Designer Tips

7 Small-Space Tips from a Fashion Designer’s Tiny Abode

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Stacy Twilley, the L.A.-based fashion designer and creative director of Twilley Atelier, uses her Manhattan studio apartment as a crash pad when she’s in town and as a casual place to show her collection to buyers. Stacy filled her home away from home with a modern mix of vintage and new pieces (most scored on One Kings Lane!) for the perfect polished, feminine look. We stopped by to pick up a few small-space decorating secrets for packing tons of style into just a few square feet.

Tip No. 1:  Choose a Restrained Palette

The apartment’s gray walls and white trim have a cool, city-chic look. “I love gray tones and find them very soothing and elegant,” Stacy says. “I actually used four different shades on various walls of the apartment, depending on the natural light in each room. I think gray walls with sharp white moldings and doors look very fresh.”

Despite the monochromatic palette of Stacy’s space, it looks layered and interesting thanks to a few boldly patterned pieces, kept in the same cool color family as the rest of the space. Her slipper chairs, for instance, attract the eye without overwhelming the scene. Considering experimenting with pattern? Steal a page from Stacy’s decor playbook and soften the impact by choosing colors that blend with the rest of the room.

Tip No. 2: Pick Double-Duty Accents

On her windowsill, Stacy creates a chic vignette starting with a few simple accents: a lidded white box and a ginger jar, which also serve as all-important catchalls for odds and ends. Faced with a shortage of shelf space,Stacy stacked a few of her favorite tomes, largest to smallest, adding a bit of height to the composition and some clean lines to balance out the shapely accessories.

Tip No. 3: Make Spaces Multitask

The studio is just a short walk from NYC’s fashion district, so it’s perfect for Stacy’s growing business. When she shows her collection to buyers, the sitting area doubles as the perfect petite showroom. “Buyers love to come here to see the collection in such an intimate, casual, and fun setting.”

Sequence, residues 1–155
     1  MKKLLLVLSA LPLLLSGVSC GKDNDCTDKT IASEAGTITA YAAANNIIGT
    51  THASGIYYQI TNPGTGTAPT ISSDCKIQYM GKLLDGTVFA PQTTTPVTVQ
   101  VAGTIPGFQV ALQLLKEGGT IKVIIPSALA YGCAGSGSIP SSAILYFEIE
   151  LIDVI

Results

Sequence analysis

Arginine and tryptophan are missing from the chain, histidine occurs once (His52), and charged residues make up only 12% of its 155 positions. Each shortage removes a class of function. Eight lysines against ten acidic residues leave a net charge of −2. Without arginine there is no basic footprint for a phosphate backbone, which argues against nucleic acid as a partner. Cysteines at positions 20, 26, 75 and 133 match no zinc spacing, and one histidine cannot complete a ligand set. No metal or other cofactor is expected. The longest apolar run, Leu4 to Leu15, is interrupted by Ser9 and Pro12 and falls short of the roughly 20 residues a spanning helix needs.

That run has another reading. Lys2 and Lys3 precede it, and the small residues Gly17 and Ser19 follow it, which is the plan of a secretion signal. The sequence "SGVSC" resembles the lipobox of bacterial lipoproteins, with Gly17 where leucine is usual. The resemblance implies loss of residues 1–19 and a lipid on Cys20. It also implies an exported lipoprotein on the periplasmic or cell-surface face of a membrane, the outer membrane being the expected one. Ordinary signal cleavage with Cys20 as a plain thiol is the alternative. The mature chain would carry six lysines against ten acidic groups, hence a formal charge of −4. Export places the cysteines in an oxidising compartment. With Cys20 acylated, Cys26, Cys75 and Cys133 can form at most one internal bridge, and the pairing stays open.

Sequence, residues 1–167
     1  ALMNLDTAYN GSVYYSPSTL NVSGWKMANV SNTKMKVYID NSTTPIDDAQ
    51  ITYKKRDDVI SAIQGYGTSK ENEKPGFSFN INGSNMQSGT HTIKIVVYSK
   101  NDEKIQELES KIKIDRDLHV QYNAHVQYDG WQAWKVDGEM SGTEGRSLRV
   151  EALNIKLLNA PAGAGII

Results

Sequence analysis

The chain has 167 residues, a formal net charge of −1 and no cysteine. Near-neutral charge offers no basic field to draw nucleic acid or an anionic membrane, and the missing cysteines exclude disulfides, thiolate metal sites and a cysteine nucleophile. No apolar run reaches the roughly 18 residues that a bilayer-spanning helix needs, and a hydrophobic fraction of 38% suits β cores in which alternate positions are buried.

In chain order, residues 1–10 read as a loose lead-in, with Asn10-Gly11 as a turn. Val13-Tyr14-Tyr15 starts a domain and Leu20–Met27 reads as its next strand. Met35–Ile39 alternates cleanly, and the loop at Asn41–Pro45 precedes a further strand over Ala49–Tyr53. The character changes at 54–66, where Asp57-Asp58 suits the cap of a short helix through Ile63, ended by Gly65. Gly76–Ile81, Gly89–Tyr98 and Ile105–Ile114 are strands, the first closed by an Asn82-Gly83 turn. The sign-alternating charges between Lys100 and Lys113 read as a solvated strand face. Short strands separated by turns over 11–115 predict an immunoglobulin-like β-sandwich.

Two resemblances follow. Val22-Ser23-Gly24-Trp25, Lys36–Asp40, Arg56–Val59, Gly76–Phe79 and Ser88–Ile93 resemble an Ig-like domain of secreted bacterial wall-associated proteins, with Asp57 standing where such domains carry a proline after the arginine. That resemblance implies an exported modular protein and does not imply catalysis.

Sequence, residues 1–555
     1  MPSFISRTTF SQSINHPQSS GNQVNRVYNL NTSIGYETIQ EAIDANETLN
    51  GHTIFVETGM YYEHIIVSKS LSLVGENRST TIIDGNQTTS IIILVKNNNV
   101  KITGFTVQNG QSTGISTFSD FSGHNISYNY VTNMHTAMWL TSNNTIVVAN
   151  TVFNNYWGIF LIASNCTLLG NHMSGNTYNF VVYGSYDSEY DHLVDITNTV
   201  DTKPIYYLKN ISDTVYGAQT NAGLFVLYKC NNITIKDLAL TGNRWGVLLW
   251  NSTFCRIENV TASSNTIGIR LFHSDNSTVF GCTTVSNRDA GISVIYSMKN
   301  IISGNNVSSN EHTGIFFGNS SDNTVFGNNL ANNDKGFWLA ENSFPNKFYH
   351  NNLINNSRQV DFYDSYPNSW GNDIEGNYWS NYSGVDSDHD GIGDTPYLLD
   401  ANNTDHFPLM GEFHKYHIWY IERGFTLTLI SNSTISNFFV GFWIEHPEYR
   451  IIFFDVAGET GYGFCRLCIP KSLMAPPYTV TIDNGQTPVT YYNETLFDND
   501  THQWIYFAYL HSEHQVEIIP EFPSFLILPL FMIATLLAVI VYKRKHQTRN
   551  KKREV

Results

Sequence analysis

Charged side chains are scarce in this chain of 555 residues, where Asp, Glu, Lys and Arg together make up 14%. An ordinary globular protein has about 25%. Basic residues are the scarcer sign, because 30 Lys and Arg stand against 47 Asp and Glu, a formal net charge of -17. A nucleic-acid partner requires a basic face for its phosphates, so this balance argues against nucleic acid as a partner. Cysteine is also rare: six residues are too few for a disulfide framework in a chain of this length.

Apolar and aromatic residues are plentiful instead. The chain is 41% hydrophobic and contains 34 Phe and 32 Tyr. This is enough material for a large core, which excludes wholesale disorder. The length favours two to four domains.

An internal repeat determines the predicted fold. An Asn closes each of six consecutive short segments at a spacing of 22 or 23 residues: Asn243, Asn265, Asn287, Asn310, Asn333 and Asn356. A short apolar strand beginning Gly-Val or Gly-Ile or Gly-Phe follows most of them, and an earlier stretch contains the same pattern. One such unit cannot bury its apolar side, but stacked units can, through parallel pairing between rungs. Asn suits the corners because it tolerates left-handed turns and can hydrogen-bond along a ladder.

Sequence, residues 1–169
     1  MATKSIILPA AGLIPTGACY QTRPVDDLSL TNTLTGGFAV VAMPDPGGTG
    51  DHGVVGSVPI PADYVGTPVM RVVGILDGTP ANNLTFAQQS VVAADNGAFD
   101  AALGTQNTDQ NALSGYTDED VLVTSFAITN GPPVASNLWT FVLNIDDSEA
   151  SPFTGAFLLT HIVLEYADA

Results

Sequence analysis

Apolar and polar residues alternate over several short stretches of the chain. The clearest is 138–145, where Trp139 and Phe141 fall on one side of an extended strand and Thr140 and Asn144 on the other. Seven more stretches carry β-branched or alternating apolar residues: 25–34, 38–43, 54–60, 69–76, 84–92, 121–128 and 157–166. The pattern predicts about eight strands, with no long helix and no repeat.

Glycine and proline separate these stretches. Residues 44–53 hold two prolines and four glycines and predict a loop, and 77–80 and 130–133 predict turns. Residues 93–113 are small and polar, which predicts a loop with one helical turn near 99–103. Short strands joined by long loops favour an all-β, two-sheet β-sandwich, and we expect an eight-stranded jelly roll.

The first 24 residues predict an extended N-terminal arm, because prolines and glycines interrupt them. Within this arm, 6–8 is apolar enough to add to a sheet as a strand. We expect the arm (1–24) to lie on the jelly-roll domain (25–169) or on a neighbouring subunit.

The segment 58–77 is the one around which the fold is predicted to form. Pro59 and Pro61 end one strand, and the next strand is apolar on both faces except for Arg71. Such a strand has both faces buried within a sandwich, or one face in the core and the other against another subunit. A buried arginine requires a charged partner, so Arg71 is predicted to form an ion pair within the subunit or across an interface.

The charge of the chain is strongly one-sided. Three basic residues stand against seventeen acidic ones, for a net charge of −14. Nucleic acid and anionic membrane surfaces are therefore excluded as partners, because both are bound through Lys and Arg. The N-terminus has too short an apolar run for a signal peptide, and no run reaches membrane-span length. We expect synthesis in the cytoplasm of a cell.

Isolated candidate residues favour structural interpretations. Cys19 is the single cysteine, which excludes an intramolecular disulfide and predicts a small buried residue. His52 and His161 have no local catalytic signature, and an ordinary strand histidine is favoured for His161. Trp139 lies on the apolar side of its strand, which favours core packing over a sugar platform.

At other times that same area serves as a quiet reading nook, conversation area, or cocktail-hour spot. The drop-leaf table is a vintage find that works perfectly as the apartment’s entertaining hub. It expands when needed and stays compact the rest of the time.

If a room is decorated with all vintage or precious, pedigreed items, it feels a bit stuffy and old-fashioned, regardless of how great the pieces are. By the same token, if a room is decorated with all new pieces, it lacks soul. So I try to find a balance.

— Stacy Twilley

Tip No. 4: Put Surfaces to Work

By topping her dresser with a bit of barware and framed artwork, Stacy transforms the surface into both bar and gallery. Situated next to the seating area, the dresser was a logical spot to stash imbibing essentials. Interested in adding a bar to one of your surfaces? Be sure to place supplies on a tray to make the display look intentional and cohesive, rather than out of place, and to protect the surface from spills.

Tip No. 5: Play Up the Bed

This one goes against the studio-apartment decorating bible. Instead of trying to hide the bed, Stacy makes it a focal point with a chic upholstered headboard, dove-gray trellis-print pillows, and crisp white sheeting. The result is a bed that’s always ready and inviting. About the apartment, Stacy says, “I wanted it to look finished, have everything in its place, and feel like home away from home immediately.”

The richly layered sleep zone is in line with both her decorating and her clothing design philosophies. “I like monochromatic interiors with lots of different textures and shades. Same with my clothing,” Stacy explains.

Tip No. 6: Go Bold

“If I like a pattern, it has to be bold. I don’t like little sweet patterns,” Stacy says. She proves it in her bathroom, where handmade wallpaper from L.A.’s Walnut Wallpaper adds major graphic impact. Stacy notes that the made-to-order wallpaper was a splurge but worth it for the texture and depth it lends the room.

The smaller the space, the bigger the pattern. It’s counterintuitive, but I think it has a more modern impact that way.

— Stacy Twilley

Tip No. 7: Make Use of Vertical Space

The simple white shelf in Stacy’s kitchen provides both storage and display space. Stacy loves to buy sets of dishes when she travels (she considers them jewelry for the home), so the open shelving is the perfect opportunity for her to showcase her favorite finds while lending some personality to the space. The room’s light gray chevron wallpaper—a subtle nod to the graphic patterns on display in the rest of the studio—infuse the space with enough pizzazz that you might just forget you’re in a tiny NYC kitchen.

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